In the US, I see, all of us see, a belief, a strengthening across the board, which is very encouraging, and also in Asia, the typical industry, consumer industry, seems to get better, so all in all, may I say, if there were not distribution inventory levels, which are still high, we would definitely see an improved situation already, substantially improved, even.

Steven J. O’Brien – J.P.Morgan

Great, and perhaps one more on the margin front, if I could. Your gross margin improved slightly in Q1. Is there any benefit in the quarter as the year progresses from raw materials or is this simply a function of mix?

Gerald Paul

No, it’s a function of lower fixed costs, so we intend to bring down in Q1, on a temporary basis at first, and then we will see, the fixed costs, and this will lead to better gross margins.

Steven J. O’Brien – J.P.Morgan

Great. Thank you.

Gerald Paul

Thank you.

Operator

Your next question comes from Shawn Harrison.

Shawn Harrison – Longbow Research

Hi. Good morning, everyone. I guess the first question, pricing, it seems as if we’re back to normal. Did you experience any odd pricing pressure in the quarter from competition, or do you think as we move through the first half of ’12 we’ll still be within this normalized environment?

Gerald Paul

Not more pressure than normal, I may say, so as a matter of fact, on the passive side, I said it before very often, there is no real price pressure because of the nature of this business, which is predominantly specialties, and you see it again and again. Since many years, we have no price decline there. In fact, we run at higher prices than in prior year.

On the actives, this is really where the situation is the same for everybody, also for us. We see price declines returning but we just have had quite a few negotiations, annual negotiations. It is very normal. So, as a matter of fact, I can state that the level of competition for all of us is not worse than in normal times. Very simple, so we have to count on that, but we do not expect an acceleration.

Shawn Harrison – Longbow Research

Very good to hear. Second question follow up, one of your competitors in the passive component world recently vertically integrated their raw material supply chain for panel and powder, or tried to, at least a part of it. Do you see any need to go that route, or is supply still ample for you, particularly given your balance sheet?

Gerald Paul

I could be very short and say we do not see the need to do that, as a matter of fact. Of course, in the last ten years, we also played, from time to time, with ideas like these, but we never came, really, to the conclusion that it’s needed.

Today I would reconfirm our ten years’ position, so to speak. We don’t see the necessity. Actually, I cannot really recall, maybe the only exception in the year 2000, and this was to an extent, not real, that the supply would not be enough.

Shawn Harrison – Longbow Research

Okay, and then finally, just the capital spending for 2012. How much of that is focused toward high-voltage MOSFETs, or, I guess, maybe if you could, within the capex focused in on growth, what product lines will you be focused in on?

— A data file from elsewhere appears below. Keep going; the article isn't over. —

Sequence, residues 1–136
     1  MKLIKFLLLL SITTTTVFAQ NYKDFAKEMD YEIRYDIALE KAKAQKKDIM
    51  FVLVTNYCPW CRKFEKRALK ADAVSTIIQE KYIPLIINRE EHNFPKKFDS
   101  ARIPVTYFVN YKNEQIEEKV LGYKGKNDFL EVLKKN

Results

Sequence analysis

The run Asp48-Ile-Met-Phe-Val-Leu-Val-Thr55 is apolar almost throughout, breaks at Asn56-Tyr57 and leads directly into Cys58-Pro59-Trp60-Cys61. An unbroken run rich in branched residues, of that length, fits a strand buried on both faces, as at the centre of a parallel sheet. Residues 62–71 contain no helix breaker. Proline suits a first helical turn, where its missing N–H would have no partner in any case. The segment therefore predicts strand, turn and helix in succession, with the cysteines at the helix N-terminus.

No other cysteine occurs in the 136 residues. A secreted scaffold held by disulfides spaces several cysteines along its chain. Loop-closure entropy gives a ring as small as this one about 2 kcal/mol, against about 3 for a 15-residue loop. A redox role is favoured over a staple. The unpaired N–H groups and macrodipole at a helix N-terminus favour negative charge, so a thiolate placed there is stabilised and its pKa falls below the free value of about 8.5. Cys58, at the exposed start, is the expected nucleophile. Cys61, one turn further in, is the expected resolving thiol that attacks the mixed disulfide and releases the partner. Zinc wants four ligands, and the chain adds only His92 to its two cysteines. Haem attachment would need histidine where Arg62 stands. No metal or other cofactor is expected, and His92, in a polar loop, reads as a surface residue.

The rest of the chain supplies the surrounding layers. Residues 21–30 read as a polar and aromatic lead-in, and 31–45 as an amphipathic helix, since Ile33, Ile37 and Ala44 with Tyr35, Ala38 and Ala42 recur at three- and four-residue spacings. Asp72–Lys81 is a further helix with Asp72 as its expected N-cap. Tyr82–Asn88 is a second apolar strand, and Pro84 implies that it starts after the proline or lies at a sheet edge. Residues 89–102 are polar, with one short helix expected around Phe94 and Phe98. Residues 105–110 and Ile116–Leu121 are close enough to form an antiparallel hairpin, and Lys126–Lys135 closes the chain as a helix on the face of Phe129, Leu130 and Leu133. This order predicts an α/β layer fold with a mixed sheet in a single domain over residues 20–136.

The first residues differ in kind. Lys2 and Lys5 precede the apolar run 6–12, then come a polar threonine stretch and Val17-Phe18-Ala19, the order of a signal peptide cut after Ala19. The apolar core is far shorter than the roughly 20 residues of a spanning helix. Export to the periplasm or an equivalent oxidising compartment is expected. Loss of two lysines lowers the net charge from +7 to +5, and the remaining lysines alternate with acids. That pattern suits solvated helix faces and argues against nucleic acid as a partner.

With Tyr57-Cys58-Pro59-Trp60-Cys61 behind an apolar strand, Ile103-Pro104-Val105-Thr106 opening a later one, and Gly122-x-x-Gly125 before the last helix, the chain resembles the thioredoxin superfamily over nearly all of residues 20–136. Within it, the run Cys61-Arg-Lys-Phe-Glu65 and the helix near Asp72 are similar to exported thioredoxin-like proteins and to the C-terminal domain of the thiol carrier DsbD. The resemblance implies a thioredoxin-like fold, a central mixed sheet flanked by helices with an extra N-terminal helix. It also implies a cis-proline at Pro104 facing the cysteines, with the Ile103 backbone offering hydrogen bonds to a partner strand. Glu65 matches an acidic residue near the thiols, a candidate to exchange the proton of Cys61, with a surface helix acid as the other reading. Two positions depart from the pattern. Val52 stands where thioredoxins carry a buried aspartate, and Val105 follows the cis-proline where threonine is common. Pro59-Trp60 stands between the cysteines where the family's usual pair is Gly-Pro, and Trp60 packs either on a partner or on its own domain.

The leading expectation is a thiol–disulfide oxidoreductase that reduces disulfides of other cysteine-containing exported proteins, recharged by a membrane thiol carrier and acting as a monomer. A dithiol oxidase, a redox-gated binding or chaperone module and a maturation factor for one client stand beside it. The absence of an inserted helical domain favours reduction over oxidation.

Gerald Paul

Basically, it’s the same for other clients. We also invested in an expansion in 2011. It’s, of course, the MOSFETs altogether in low voltage and especially also high voltage. It’s on the diode side, on power diodes, trench diodes. Then it is in metal strip resistors, in power inductors, as a matter of fact. Pin capacitors, I think there’s enough capacity now, so, as a matter of fact, these products, really, on these products, we concentrate our efforts in terms of expansion.

Out of this $150 million, I would say approximately $80 million will be for expansion.

Shawn Harrison – Longbow Research

In that $80 million expansion, is it one for one for dollar, or do you get $2 of incremental revenue for each dollar in capacity, something like that?

Gerald Paul

Well, we go in a different way. What counts for us is the payback. That means the variable margin, the conservative margin, and the average first rule of thumb, the average of all these expansion investments, is a payback time of, say, a year or less. That means we really would get, and then you can take back. We have about 50% variable margin, so that’s basically our rule of thumb.

Shawn Harrison – Longbow Research

Okay, thank you so much.

Operator

(Operator Instructions) Your next question comes from Steve Smigie.

Steve Smigie – Raymond James

Great, thank you. Dr. Paul, I was wondering if you could comment a little bit on China impacts given the fact I think a lot of European business actually ends up in China. Have you seen any fluctuation in terms of overall customer outlook on China demand for autos as these Chinese government’s gone through various stages of being more or less active in terms of controlling the liquidity of their financial system?

Gerald Paul